Incarcerated Survivor Press Release


March 15, 2021  

Deanne Benos                                      Margaret Duval
Women’s Justice Institute                  Ascend Justice   

The Women’s Justice Institute and Ascend Justice to Launch Legal Services Program for Incarcerated Survivors of Gender-based Violence With Two-Year Grant

Chicago – The Women’s Justice Institute (WJI) and Ascend Justice, with support from the Polk Bros. Foundation, are excited to announce a new partnership to provide civil legal services for incarcerated survivors of gender-based violence. A $250,000, two-year grant will allow the Women’s Justice Institute and Ascend Justice to partner together to design and deliver a holistic civil legal services program for incarcerated survivors of gender-based violence.

Survivors in jail and prison risk losing access to their children to an abusive partner, termination of parental rights, the loss of public benefits, and the ability to protect their lives and families through orders of protection or other means. Since the onset of the COVID-19 pandemic, gender-based violence has increased against women and the challenges among incarcerated women have only intensified as efforts to prevent the spread have resulted in widespread lockdowns, elimination of visits with children and families, and disruptions in communication to help women stay connected to support systems.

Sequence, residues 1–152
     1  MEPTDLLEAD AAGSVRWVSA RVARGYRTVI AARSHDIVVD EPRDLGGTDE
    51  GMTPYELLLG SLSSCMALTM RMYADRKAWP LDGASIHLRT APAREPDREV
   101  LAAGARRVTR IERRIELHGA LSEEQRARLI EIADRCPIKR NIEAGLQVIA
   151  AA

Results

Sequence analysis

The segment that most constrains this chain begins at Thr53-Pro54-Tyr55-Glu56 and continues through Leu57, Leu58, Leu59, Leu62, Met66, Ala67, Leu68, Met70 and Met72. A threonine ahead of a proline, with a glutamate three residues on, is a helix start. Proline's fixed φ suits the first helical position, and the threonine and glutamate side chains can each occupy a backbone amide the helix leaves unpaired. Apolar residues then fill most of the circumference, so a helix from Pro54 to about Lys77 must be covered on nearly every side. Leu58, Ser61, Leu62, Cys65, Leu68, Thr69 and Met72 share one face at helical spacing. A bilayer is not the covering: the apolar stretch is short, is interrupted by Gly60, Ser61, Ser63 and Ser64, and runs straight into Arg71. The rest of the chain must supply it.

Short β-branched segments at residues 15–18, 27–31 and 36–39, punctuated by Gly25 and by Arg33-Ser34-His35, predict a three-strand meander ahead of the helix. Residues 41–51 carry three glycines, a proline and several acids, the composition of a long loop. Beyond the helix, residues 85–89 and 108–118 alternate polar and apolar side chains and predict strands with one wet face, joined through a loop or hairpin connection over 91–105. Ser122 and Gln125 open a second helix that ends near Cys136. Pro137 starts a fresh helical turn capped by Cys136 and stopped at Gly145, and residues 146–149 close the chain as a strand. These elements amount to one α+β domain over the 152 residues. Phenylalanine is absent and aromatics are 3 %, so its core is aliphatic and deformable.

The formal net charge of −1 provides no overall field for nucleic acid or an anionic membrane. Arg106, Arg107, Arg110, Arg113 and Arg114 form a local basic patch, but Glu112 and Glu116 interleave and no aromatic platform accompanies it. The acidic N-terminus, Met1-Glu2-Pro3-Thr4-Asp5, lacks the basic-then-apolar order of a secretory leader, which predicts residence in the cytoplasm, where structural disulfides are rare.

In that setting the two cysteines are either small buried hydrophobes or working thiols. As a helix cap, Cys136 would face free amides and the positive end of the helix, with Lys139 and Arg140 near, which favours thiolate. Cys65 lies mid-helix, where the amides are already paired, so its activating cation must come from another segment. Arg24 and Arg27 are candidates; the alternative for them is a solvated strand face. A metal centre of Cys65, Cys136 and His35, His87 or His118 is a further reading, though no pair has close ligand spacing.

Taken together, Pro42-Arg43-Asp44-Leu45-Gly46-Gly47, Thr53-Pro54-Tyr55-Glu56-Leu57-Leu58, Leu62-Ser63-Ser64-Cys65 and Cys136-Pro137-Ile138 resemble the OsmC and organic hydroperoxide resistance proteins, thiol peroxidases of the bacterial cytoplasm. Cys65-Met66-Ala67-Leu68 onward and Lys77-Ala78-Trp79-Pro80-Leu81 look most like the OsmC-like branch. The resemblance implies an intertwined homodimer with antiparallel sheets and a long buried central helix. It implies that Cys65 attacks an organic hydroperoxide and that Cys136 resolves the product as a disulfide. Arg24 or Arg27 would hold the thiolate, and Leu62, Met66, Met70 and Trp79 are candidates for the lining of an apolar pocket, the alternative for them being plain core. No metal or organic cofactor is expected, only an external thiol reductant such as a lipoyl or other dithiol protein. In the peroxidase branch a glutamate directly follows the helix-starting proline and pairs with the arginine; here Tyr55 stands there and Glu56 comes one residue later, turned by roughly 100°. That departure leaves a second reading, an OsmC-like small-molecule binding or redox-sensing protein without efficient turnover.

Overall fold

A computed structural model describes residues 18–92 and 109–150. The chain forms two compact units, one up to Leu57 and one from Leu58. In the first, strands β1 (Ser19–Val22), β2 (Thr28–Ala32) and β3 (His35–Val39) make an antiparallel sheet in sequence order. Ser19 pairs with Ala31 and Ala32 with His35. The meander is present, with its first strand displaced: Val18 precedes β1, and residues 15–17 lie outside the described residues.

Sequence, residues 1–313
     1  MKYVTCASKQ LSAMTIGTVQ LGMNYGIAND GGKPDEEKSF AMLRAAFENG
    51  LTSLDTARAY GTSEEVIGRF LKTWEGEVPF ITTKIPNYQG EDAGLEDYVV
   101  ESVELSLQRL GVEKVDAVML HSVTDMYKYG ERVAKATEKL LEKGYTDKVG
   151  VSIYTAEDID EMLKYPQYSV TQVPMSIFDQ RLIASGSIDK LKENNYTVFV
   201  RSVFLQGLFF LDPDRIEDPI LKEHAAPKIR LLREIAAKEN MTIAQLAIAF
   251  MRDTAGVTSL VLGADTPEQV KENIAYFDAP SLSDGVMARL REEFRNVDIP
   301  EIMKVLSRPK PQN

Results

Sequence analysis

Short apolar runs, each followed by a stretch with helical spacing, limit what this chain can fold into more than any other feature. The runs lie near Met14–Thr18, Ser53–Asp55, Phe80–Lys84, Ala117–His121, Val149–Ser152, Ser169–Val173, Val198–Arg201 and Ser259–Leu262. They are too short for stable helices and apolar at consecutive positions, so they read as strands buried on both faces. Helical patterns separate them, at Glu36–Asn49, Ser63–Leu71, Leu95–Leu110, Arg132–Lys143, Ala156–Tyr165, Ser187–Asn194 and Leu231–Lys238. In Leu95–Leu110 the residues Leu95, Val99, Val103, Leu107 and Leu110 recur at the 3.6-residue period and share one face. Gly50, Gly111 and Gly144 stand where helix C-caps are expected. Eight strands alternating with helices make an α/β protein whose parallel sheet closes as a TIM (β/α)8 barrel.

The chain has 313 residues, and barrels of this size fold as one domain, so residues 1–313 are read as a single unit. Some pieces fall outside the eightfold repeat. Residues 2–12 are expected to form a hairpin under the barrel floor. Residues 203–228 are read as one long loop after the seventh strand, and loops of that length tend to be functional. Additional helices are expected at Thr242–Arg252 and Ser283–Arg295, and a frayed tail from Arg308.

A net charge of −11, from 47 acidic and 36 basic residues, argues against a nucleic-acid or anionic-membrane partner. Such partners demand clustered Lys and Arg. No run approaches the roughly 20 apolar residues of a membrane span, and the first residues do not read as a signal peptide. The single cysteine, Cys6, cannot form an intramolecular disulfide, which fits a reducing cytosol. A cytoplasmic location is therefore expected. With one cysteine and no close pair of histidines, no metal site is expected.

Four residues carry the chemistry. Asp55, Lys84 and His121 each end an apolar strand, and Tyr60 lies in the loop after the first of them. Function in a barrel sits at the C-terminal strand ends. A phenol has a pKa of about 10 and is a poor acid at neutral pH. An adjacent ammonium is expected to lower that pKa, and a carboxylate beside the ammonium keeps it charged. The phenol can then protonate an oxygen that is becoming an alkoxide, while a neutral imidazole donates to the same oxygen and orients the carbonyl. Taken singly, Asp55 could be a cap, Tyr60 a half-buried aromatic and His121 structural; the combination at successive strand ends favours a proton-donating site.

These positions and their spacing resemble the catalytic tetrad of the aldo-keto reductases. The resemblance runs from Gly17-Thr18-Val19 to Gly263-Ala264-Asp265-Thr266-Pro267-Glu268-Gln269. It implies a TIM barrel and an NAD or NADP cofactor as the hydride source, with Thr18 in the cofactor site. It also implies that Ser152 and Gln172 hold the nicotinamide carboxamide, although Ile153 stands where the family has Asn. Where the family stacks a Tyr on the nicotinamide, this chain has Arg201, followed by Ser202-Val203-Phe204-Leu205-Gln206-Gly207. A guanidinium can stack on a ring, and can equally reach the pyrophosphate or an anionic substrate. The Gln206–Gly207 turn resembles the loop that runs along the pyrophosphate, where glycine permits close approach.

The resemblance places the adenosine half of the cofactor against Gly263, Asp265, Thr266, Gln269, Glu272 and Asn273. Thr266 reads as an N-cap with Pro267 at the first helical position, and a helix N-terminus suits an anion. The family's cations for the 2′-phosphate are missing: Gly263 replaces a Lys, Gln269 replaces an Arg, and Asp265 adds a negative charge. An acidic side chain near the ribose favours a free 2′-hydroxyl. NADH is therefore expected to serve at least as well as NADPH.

“The pathway of nearly every woman incarcerated in Illinois prisons today has been paved by some form of gender-based violence. Far too many women have been criminalized for their survival, and access to quality legal services can be a lifeline – one that can literally save a woman’s life and protect her children from harm,” said Deanne Benos, Co-Founder of the Women’s Justice Institute. “The absence of needed legal supports causes serious and preventable vulnerabilities among women that create additional avenues to exploitation by their abusers. Until laws and policies are enacted and properly used to prevent the unnecessary incarceration of survivors, those who remain in jails or prisons need and deserve access to high-quality legal services. We are so grateful to the Polk Bros. Foundation and Ascend Justice for recognizing this need.”

In addition to providing legal services for incarcerated survivors, the program will also provide civil legal services to survivors of gender-based violence enrolled in the Cook County Women’s Reentry Initiative, a gender-responsive care coordination partnership between Cook County Health (CCH), Haymarket Center, the Illinois Department of Corrections, the Women’s Justice Institute and other organizations.

“For decades, we have worked to expand systems of support for survivors of gender-based violence. Despite these efforts, incarcerated survivors have received inadequate attention from systems that focus on incarcerated people as well as those of us who focus on survivors of gender-based violence,” said Margaret Duval, Executive Director of Ascend Justice. “I am thrilled to collaborate with the Women’s Justice Institute to develop cutting-edge legal services that address the needs of survivors, regardless of their incarceration status.”